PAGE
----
I’ve been wanting to get my hands on a few Korean and Japanese children’s sewing patterns books for a while and found them extremely difficult to get without having to pay 2x the price of the book for international shipping.  I know there are quite a few Japanese sewing books that have been translated into English and are available for purchase on Amazon, but they didn’t have the same draw that this book did.  I was able to see sample pictures of the book on a Korean e-bookstore and even tried drafting my own pattern (still in the works) after a cute and simple girl’s tunic from one of the books, but I still wanted the other patterns… Well, I found a copy of the book on Etsy in Korean and ecstatic is an understatement to the joy I felt when I finally got it in the mail; international shipping needs to be quicker.  I did have to pay a bit more than I would have liked in shipping fees, but it was better than other online bookstores shipping from Korea.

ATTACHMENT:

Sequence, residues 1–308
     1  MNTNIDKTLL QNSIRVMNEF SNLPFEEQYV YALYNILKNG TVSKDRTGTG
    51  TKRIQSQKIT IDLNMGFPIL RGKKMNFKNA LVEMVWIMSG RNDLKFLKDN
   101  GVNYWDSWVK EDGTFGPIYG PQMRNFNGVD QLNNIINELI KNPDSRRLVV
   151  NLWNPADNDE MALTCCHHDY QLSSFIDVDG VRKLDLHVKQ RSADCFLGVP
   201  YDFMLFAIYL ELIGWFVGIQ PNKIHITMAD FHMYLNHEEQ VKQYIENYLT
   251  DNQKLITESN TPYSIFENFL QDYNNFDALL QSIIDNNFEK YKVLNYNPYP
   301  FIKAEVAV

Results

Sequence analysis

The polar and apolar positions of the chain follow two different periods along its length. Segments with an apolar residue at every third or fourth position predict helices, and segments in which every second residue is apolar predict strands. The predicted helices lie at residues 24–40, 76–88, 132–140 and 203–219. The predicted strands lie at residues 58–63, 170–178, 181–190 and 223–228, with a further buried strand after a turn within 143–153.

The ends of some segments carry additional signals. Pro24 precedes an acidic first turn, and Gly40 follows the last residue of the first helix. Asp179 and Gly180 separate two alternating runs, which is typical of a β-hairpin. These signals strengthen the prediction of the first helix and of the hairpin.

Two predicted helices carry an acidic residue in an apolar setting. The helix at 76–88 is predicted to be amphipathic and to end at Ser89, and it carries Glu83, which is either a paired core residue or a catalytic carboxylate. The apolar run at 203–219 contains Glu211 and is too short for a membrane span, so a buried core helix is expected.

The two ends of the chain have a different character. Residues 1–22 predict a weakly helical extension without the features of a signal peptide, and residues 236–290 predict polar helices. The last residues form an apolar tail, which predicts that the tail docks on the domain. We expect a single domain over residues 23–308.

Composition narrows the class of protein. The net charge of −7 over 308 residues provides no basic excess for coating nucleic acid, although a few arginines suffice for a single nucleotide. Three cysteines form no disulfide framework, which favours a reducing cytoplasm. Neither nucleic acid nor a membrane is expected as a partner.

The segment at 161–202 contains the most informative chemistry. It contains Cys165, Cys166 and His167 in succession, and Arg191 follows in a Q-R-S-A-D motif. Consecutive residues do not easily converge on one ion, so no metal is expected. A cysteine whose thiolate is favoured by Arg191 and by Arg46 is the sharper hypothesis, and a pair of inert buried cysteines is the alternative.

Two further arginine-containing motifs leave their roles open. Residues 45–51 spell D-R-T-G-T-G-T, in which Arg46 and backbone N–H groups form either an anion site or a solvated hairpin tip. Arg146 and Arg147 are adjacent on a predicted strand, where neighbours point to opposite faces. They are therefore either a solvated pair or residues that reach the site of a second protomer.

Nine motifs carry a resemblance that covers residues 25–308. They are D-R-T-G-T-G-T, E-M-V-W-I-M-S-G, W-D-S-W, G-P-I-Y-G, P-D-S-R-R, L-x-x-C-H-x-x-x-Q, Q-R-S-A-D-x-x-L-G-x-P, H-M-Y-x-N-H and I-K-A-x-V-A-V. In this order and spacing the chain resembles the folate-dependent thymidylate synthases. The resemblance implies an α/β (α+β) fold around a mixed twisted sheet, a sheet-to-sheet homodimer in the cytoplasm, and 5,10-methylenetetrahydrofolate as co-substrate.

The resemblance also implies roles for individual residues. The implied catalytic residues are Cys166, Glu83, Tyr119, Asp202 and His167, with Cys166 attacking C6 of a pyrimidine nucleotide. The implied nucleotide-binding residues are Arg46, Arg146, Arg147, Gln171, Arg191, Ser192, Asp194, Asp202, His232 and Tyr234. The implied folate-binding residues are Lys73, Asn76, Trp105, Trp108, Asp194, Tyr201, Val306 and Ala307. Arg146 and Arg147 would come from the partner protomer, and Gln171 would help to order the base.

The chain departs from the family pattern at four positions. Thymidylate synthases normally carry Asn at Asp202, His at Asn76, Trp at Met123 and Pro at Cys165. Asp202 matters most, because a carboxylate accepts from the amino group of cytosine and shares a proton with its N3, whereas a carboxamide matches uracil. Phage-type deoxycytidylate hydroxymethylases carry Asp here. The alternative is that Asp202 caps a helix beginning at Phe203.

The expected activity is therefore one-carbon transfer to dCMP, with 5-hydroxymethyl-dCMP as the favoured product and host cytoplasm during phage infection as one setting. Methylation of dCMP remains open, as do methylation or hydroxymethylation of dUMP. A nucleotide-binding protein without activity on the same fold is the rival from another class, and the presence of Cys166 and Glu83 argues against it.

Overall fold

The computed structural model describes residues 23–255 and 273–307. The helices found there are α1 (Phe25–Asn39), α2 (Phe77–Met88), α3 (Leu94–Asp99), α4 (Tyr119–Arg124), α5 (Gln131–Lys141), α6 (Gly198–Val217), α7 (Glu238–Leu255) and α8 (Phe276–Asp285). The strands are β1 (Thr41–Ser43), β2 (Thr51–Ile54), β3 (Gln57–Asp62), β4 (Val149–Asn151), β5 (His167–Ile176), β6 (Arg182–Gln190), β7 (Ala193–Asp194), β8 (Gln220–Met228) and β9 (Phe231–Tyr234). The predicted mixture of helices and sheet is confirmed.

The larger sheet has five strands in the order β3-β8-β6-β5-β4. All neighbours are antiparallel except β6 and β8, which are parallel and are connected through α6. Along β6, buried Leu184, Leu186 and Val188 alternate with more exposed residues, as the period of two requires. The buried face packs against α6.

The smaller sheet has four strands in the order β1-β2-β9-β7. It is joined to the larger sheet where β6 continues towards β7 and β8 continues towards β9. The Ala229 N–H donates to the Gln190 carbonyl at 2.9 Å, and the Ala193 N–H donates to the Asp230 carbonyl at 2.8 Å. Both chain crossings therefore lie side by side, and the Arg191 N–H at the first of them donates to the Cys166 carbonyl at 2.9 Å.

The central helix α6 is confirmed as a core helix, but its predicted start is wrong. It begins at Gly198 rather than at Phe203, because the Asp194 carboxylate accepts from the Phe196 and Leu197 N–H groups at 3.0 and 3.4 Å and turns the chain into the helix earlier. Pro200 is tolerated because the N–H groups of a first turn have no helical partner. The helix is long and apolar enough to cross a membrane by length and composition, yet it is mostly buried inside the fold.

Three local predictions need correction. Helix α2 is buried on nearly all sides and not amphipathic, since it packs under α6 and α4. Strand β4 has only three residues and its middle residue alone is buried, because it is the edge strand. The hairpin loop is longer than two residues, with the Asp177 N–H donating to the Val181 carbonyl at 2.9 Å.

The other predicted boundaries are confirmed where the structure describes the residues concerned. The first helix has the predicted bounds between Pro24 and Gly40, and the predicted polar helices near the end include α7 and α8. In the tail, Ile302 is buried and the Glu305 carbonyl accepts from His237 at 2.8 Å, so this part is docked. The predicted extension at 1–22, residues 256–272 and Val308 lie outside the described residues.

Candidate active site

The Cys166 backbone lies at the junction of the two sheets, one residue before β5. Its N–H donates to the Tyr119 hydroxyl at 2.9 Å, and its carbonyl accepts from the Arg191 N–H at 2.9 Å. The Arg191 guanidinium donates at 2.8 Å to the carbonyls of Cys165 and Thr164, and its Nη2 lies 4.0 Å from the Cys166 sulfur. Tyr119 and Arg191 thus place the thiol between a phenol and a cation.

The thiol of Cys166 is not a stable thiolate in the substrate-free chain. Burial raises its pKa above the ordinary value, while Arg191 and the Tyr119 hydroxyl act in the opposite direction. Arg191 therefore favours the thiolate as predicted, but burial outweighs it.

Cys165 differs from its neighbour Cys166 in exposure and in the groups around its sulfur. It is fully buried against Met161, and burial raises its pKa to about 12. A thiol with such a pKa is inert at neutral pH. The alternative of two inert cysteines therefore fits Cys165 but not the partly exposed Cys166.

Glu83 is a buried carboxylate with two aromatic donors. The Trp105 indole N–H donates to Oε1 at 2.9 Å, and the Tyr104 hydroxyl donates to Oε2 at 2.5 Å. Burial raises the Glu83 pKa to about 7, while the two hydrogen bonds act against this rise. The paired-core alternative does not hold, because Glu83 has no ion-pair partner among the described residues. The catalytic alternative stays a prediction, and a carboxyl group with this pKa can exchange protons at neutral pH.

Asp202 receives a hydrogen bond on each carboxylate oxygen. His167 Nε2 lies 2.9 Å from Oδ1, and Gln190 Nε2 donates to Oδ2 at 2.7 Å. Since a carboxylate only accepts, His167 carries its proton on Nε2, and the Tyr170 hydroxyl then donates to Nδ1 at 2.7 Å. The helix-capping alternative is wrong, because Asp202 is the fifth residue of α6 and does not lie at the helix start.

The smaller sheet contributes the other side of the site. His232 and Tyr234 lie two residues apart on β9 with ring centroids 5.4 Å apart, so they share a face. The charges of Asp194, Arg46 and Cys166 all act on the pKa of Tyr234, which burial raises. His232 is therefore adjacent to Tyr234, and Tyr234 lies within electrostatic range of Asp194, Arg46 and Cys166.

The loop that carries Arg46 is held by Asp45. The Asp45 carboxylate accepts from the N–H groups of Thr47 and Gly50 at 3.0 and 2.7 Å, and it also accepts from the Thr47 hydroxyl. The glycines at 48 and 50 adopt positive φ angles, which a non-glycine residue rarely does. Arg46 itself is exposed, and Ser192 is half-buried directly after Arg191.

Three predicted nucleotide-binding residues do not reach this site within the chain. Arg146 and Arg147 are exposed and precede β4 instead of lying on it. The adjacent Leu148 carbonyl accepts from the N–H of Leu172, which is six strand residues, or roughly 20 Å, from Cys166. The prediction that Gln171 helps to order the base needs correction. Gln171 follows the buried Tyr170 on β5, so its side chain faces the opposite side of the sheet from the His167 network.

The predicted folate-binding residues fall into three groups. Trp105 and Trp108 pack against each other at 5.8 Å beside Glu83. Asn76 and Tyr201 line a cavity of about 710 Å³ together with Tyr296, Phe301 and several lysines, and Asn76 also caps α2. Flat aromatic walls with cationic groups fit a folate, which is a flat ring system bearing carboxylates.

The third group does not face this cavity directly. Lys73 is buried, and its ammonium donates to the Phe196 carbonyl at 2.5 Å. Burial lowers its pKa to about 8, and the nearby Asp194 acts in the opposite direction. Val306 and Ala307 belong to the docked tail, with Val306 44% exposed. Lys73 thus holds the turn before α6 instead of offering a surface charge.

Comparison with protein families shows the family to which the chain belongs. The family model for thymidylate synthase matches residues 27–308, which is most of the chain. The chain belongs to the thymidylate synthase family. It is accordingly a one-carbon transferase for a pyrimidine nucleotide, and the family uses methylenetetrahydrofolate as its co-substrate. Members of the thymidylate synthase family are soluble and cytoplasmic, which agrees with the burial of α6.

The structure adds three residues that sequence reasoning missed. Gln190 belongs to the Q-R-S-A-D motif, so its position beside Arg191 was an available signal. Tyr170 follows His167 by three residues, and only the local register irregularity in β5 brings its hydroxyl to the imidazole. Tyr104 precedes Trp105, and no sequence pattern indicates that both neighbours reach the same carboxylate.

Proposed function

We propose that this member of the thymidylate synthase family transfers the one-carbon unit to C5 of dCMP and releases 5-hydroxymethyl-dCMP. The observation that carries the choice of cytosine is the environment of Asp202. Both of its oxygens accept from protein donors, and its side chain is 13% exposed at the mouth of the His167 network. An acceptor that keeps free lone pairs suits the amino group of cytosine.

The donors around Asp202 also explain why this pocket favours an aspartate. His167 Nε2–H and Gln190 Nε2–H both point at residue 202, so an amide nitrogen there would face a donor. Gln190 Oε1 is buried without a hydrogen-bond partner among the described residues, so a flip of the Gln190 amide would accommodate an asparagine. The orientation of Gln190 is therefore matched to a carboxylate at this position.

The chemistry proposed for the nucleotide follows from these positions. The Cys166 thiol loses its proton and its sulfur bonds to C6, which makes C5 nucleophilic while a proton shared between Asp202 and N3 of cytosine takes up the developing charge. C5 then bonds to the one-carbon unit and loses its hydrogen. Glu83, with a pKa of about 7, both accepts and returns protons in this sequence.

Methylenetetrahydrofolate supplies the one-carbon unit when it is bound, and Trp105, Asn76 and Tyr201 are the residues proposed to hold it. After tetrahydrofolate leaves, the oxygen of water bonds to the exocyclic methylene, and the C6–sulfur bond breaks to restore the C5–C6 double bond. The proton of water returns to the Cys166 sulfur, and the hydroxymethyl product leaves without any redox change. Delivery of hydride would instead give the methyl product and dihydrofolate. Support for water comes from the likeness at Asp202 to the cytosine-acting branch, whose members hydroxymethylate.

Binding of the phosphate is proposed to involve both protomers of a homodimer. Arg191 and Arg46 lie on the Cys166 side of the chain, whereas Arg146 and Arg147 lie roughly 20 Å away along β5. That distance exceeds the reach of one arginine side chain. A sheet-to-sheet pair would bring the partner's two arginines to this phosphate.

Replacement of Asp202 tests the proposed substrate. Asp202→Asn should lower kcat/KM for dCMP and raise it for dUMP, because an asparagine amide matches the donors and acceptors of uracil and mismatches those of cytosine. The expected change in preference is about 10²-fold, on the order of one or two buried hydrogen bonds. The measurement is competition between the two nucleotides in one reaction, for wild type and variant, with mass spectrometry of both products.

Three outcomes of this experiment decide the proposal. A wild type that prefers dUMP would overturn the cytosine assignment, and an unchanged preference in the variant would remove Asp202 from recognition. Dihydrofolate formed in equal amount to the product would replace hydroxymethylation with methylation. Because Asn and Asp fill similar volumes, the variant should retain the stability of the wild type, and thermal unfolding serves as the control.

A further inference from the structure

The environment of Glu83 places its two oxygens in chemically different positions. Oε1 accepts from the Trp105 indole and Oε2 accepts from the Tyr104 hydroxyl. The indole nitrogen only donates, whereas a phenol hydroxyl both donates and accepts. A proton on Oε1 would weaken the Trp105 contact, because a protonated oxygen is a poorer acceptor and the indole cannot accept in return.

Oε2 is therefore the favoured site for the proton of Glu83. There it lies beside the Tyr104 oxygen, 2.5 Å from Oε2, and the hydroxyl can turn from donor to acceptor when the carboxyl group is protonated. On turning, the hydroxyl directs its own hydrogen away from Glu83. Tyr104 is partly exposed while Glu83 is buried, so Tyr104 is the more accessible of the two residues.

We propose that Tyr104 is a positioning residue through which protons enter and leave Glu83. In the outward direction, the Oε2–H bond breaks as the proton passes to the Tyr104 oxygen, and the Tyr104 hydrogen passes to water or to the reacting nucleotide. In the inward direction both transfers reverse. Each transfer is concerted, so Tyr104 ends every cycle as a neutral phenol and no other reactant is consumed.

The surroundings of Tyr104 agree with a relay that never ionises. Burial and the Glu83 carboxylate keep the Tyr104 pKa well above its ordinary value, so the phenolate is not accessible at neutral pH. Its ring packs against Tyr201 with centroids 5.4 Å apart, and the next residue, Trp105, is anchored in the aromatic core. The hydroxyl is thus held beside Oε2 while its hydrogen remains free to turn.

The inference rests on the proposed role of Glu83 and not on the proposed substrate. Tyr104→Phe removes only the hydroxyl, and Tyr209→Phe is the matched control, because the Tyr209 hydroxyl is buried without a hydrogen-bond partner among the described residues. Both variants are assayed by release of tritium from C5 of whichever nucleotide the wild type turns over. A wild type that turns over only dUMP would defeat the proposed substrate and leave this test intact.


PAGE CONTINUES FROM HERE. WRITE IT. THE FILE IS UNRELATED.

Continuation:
Direct translation of the title: My Child’s Closet
I know it’s hard to see the pictures of the patterns making up the table of contents, which is such a cute idea!  The book includes patterns for dresses, a tunic, shirts, pants/shorts/capris, tutu, and one too many jacket/coats; I will likely attempt no more than one coat pattern.  I learned the hard way that seam allowances are NOT included in the pattern pieces and you have to add seam allowances according to the book.  For example, you have a skirt, and it says to add 1 cm seam allowance on all sides except the hem, you add 4 cm.  Also another thing I wasn’t used to was the metric units and the different symbols they use for “fold” when you cut.  I’ve come to realize that I like having seam allowances already built into the pattern pieces.